When you press
: to enter a command, or
/ to start a search, you often want to edit a previous command or search. That can be done using the up and down arrow keys to scroll through the history. Then you can edit a previous line. :help :
For example, type
:s and then press the up arrow key. The last command that starts with exactly what you typed will be displayed. Scroll through the history by pressing up or down. There is a history for commands, and another for searches (and more :help history). You can list the entire history using the :history command (:help :history). The command
:his lists the command history, and
:his / lists the search history.
In many situations, a better solution is the command-line window which you can open in two ways:
q:for commands, or
q/for searches; or
/to start entering a command or search, then press the 'cedit' key (default is Ctrl-f :help 'cedit').
The advantage of the command-line window is that you can use all Vim's editing power, including searching with '/' in normal mode, or using whole-line completion (:help compl-whole-line) in insert mode. After editing a command, you can:
- Press Enter to execute the current line (and close the command-line window); or
- Press Ctrl-c twice to close the command-line window (cancel).
Suppose you search for "horse", then for "Hello", then for "helium", then for "habit".
If you type
/h and repeatedly press up arrow, you will see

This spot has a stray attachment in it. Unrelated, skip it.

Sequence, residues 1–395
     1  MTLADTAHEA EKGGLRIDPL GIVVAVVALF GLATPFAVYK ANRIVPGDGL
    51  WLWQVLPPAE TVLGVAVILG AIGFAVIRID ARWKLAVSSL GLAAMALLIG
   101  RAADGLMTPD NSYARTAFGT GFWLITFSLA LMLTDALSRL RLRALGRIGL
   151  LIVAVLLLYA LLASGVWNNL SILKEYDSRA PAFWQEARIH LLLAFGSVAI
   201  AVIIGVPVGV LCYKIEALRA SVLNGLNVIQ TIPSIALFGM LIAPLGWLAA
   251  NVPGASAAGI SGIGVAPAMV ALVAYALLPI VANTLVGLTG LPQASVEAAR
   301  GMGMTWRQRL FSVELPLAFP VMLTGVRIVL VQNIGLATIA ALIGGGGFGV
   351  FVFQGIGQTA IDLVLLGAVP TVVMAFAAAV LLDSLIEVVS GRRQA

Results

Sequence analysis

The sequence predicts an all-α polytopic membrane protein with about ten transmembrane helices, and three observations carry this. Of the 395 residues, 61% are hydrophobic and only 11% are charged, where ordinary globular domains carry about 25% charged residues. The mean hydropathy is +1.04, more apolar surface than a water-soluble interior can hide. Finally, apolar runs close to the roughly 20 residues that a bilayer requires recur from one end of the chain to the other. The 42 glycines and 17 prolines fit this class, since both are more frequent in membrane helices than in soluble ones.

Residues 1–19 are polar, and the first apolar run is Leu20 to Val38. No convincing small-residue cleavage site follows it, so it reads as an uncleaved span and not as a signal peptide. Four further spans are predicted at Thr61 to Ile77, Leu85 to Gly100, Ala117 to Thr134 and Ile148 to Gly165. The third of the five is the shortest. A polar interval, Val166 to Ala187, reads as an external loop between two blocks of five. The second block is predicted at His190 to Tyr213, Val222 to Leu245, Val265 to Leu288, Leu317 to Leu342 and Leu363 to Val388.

/horse ("Hello" is skipped because the history navigation is case-sensitive and "Hello" does not start with a lowercase "h").
: holds the last command, and
/ holds the last search. Therefore
":p will paste the last command, and
"/p will paste the last search.
@: to repeat the last command.
You may have used several commands (for example,
:%s/old/new/g) on the current buffer, and now find you would like to repeat those commands on another buffer. Type
q: to enter the command window, then select and yank the commands you want. Press Ctrl-c twice to close the command window. If wanted, you can paste the commands into a buffer, then edit and save them. Later, you can source the file containing the commands, or you can yank the commands, then type
:@"<CR> to execute the yanked commands on the current buffer.
If you always want to use the command editing window, try these mappings:
nnoremap : q:i nnoremap / q/i nnoremap ? q?i
Keeping the window open
Executing a command closes the window but sometimes you want it to remain open.
Under :help q: we find a suggestion to map a key such as F5 to execute the current line, then re-open the command window:
:autocmd CmdwinEnter * nnoremap <buffer> <F5> <CR>q:
This can be expanded to put us back on the same line in the command window, which is useful when repeating a whole series of commands. We use a global variable to remember which line we were on (buffer-local variables are lost when the window closes).
:autocmd CmdwinEnter * nnoremap <buffer> <F5> :let g:CmdWindowLineMark=line(".")<CR><CR>q::execute "normal ".g:CmdWindowLineMark."G"<CR>
- :help history
- :help Cmdline
- :help cmdwin
- :help 'cmdwinheight' option controls initial height of command-line window
- :help 'history' option controls number of history items stored in
- Fix Enhanced command window (or delete it if not helpful). If keep, add it as a "see also" here.
- The standard way to close the command-line window is with :q, or <C-W>q, or any of the standard "close this window" commands --- not with double Ctrl-C.
- What is the history file called? Where is it stored?
- The command window is not associated with a file at all. It is populated at startup from the .viminfo file, however. That may be worth mentioning somewhere...and the option to disable this.